By Samuel Greengard
The role of the chief information officer is changing faster than a performer at a Broadway musical. Once upon a time--and it was only a few years ago--the typical CIO pondered how best to purchase and operate centralized IT systems that would allow an enterprise to plug in data at one end and spit it out at the other.
That was then, this is now. Clouds, mobility, social media, big data, geolocation tools and more have turned things upside down and inside out. BYOD and the consumerization of IT crumpled the old way of doing things. And the relationship of data and technology to business is undergoing a profound change.
Consulting and IT research firms say that line of business executives increasingly control IT spending. For example, Gartner predicts that by 2017 CMOs will spend more on IT than CIOs.
Yes, you read that right.
Some CIOs will say this is the tail wagging the dog. Actually, it's the dog wagging the tail. Business has always been about business, after all. Technology is merely a way to unlock productivity and control or drive down costs. Line of business executives should control the direction of enterprise IT.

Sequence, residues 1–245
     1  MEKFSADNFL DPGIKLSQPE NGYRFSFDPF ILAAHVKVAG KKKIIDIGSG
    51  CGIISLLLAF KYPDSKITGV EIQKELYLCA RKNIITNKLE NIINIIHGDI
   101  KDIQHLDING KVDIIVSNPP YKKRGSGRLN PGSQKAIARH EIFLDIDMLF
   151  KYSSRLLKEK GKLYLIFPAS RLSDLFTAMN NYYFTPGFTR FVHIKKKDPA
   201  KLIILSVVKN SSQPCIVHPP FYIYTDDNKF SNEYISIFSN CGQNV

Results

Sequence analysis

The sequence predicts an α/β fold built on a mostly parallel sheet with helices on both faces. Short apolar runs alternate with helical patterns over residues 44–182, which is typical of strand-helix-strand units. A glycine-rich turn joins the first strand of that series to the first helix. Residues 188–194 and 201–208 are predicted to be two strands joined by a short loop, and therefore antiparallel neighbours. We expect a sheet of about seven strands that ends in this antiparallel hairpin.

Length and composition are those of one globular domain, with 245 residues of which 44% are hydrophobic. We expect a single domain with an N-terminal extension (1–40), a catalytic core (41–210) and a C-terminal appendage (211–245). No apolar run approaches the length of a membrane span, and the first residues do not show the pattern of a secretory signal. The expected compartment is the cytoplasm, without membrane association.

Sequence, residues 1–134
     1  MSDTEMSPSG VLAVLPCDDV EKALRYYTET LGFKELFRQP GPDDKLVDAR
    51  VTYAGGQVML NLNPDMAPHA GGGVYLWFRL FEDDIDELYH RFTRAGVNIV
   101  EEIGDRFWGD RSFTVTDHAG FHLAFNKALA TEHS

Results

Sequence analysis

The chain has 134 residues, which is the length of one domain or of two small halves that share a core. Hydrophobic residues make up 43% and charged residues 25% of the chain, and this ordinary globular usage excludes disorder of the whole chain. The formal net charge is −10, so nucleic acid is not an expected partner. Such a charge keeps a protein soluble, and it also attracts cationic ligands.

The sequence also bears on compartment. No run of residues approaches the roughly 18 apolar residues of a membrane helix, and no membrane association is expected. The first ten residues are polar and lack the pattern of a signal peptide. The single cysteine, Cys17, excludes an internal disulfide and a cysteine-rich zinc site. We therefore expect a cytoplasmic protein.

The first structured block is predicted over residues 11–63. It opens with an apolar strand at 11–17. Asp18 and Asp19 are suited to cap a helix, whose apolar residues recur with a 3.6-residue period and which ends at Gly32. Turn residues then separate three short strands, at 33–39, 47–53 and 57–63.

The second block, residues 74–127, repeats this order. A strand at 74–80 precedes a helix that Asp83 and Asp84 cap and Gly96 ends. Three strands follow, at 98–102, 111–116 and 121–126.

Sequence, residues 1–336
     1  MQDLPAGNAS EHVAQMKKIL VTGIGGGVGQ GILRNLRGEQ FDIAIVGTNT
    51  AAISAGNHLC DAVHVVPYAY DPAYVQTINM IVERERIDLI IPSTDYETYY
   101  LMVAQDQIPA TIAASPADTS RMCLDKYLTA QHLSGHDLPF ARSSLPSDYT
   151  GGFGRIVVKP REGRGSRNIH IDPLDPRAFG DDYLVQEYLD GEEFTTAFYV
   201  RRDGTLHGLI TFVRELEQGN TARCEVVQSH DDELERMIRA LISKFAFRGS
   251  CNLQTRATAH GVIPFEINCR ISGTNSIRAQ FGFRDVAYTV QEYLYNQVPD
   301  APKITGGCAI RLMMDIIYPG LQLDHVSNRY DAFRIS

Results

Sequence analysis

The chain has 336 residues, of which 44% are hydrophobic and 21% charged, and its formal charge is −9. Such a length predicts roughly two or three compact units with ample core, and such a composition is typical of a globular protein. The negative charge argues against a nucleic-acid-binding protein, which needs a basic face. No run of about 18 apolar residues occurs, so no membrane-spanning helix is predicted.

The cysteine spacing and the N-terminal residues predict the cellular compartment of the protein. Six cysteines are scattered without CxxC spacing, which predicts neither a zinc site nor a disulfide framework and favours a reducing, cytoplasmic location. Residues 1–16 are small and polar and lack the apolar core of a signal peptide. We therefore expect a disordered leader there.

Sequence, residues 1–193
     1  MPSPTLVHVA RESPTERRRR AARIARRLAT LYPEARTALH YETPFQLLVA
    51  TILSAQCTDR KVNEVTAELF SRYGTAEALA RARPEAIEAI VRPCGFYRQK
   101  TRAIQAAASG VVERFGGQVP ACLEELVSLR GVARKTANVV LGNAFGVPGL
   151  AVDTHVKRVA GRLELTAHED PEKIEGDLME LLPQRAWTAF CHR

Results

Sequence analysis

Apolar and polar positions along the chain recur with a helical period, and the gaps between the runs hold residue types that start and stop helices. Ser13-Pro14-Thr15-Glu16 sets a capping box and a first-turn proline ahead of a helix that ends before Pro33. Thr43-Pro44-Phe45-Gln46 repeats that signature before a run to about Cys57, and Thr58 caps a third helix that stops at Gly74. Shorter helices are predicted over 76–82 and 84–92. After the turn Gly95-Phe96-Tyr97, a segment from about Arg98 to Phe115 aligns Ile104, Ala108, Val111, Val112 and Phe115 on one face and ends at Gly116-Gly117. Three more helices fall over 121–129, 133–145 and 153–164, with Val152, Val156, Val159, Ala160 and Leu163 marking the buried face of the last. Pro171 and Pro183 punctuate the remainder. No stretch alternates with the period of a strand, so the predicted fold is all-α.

The role of the CIO, however, isn’t marginalized. It means that CIOs must adapt and think in entirely different ways. At the heart of the issue is understanding how best to manage information and connect it to all corners of the enterprise, as well as to consumers and business partners.
You might say this has always been the role of the CIO, and that's partly true, but today’s businesses must balance the crush of new technologies with the goal of extracting maximum benefits. This means being on the leading edge rather than on the bleeding edge. A CIO must spend adequate time investigating and playing with new technology. He or she must explore the wild frontier of social media, mobility and geolocation services--in some cases, putting on the goggles of a 23-year-old hipster.
Yet, it's also critical to bring sound business reasoning and experience to the table. In some instances, this means acting more like a CFO or CSO. In the end, an organization must possess a clearly defined strategy, firmly established standards and procedures, and safeguards that reduce the risk of choosing a dead-end tech path.
It's no simple task. But it seems as though nothing is simple these days.